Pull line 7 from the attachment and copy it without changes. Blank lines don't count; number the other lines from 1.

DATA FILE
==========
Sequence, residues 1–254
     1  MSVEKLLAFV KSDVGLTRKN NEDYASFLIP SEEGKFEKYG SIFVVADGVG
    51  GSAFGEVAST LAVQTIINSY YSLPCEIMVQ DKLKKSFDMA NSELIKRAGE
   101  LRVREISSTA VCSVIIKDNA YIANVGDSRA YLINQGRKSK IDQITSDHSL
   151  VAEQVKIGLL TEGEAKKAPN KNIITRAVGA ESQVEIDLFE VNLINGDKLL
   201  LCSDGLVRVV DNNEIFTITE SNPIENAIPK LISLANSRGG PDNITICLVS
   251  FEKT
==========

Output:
   251  FEKT